Because Amazon has been vocal about its pro-LGBT stance, it has been pressured by national “No Gay? No Way!” campaign to fight back against legislation that the campaign thinks discriminates against the LGBT community in Nashville. In a letter to the Glamazons, the LGBT employee advocacy group at Amazon, the campaign states, “The time is now to demand Amazon publicly condemn these anti-LGBT bills and fight to repeal existing state laws that discriminate against you and your families. Amazon has done this in Texas, and the threat [of anti-LGBT laws] in Tennessee is just as real.” Then on April 2, the campaign flew a plane with a banner saying, “Amazon HQ2: No Gays? No way!”

The “No Gay? No Way!” campaign focuses on preventing pro-family bills (what they call the “slate of hate”) such as Family Action of Tennessee’s Business Protection Act (SB 364 / HB 563) and School Protection Act (SB 1499 / HB 1274), and bills that look out for the religious beliefs of adoption and foster care agencies.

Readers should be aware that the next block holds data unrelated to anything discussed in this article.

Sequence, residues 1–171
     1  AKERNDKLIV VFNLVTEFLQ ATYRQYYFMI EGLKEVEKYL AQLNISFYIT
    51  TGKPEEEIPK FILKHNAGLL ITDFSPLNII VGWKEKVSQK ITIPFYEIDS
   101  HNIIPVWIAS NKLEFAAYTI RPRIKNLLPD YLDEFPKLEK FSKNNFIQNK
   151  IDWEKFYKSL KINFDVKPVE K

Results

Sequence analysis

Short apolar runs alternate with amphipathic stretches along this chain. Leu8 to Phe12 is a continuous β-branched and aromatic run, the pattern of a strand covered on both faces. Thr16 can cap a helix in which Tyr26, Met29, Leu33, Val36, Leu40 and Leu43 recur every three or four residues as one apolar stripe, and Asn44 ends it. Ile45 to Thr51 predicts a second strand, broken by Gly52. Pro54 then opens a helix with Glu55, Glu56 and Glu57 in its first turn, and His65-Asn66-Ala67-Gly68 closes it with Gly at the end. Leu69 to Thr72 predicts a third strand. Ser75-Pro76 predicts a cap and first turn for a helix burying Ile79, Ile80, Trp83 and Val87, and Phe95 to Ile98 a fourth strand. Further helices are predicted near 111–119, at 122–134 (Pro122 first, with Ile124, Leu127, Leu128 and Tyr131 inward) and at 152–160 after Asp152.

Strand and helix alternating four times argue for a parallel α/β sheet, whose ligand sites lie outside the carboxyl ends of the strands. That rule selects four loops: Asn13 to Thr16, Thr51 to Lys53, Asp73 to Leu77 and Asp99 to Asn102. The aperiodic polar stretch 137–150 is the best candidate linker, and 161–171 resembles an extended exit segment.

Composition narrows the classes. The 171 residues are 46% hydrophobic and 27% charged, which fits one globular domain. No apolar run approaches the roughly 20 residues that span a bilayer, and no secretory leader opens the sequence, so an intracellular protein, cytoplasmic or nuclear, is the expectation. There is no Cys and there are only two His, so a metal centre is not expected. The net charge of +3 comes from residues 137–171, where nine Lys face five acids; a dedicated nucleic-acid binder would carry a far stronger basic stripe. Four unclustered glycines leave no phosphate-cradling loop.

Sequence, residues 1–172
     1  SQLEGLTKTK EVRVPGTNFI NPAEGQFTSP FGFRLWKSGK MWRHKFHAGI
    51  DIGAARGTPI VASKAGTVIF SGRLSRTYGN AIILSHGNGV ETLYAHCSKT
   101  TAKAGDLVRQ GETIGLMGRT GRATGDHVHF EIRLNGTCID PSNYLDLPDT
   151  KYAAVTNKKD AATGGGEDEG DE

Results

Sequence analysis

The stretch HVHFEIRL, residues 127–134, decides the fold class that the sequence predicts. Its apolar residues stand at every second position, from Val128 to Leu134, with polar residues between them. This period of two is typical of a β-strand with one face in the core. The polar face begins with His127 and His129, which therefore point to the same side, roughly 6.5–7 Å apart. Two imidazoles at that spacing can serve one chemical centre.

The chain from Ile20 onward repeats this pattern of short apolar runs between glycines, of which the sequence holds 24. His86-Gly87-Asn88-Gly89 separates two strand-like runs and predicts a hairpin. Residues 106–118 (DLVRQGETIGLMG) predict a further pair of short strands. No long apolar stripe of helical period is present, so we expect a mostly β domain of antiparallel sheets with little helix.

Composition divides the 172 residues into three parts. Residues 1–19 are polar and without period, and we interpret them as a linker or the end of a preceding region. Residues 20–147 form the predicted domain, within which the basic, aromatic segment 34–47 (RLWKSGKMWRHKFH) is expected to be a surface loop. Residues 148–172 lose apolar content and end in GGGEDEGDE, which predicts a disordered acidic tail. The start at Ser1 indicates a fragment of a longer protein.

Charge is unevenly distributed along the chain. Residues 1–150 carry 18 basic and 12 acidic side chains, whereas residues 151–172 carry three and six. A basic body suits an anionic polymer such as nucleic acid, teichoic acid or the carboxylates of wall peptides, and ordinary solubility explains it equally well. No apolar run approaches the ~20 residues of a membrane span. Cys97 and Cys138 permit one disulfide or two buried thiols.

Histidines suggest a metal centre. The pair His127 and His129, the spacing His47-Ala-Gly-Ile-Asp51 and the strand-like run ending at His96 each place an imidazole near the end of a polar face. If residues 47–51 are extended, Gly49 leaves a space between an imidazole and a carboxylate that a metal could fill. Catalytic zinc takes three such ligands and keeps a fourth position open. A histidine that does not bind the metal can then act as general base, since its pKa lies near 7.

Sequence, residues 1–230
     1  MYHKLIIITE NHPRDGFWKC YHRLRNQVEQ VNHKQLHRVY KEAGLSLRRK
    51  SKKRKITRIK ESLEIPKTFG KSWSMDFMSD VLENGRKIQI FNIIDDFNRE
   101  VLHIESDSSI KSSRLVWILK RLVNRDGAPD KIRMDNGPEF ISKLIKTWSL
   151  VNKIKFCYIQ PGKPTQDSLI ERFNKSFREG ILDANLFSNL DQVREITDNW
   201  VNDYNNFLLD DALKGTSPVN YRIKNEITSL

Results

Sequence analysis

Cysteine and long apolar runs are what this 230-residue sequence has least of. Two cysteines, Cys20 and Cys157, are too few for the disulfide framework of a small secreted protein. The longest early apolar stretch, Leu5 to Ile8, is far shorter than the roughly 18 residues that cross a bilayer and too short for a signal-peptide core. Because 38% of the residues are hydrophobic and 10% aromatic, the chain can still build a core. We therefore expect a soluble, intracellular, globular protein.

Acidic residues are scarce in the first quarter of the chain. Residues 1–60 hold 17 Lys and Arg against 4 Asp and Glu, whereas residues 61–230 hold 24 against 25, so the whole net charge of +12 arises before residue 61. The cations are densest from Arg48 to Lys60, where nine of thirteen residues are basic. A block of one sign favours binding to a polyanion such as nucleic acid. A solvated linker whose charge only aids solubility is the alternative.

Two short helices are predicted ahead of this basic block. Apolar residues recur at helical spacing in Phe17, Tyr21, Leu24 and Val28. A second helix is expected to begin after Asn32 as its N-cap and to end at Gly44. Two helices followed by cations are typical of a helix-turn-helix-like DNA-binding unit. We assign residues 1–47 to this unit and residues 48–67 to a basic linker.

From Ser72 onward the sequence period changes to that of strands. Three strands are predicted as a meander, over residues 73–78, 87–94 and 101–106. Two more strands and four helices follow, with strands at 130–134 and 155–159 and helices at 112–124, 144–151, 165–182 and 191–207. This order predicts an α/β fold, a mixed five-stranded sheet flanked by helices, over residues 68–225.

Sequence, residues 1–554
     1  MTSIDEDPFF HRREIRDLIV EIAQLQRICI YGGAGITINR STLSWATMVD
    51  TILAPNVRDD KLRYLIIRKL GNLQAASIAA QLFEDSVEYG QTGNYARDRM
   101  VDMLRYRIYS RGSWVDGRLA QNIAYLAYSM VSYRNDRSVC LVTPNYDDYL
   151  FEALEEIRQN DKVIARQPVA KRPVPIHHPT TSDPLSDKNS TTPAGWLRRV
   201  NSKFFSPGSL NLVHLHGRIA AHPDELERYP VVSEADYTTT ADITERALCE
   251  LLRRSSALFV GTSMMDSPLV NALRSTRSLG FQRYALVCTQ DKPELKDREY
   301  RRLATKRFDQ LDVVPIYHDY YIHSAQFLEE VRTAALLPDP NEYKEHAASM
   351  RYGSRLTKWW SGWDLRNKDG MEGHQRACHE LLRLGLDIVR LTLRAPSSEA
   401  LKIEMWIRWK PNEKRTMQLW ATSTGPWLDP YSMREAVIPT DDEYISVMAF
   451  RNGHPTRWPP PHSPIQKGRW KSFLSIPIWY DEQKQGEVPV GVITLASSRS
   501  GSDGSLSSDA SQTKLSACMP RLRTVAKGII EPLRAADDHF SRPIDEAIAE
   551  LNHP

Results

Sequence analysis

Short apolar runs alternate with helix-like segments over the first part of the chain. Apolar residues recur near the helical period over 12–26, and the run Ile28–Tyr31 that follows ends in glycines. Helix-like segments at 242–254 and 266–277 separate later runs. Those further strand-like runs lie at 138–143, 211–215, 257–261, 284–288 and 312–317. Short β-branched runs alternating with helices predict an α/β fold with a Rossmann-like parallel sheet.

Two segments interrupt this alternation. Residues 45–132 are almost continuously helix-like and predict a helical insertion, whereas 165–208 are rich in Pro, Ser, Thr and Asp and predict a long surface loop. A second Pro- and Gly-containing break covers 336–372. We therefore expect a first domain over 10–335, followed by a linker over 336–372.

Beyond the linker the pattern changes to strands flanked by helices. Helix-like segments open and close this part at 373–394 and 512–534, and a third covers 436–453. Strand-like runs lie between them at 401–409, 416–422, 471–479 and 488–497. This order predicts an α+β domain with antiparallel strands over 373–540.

Amazon responded to the campaign’s pressure tactics by saying, “Amazon has a long history of supporting equality and we’re opposed to laws that discriminate or encourage discrimination.”

This campaign should remind us to pray that our state legislators will not be swayed by the perceived economic influence of businesses like Amazon.

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Christians at Yale Law School Get ‘OutLaw’-ed

Thanks to Yale Law School’s LGBT group, the OutLaws, students who work for any public interest organizations that have hiring policies that “discriminate” against the LGBT community—namely, faith-based law firms that follow the Bible’s views on sexuality—will be ineligible for Yale’s public interest fellowships and the loan forgiveness program.

That means that if students choose to work for a Christian nonprofit legal organization, they won’t get any financial assistance from Yale. Yale Law School announced this new policy in March.

Writing for The Federalist, current Christian Yale Law student Aaron Haviland says, “Yale has found a roundabout way to blacklist legal and nonprofit organizations that don’t adhere to Yale’s understanding of gender identity.”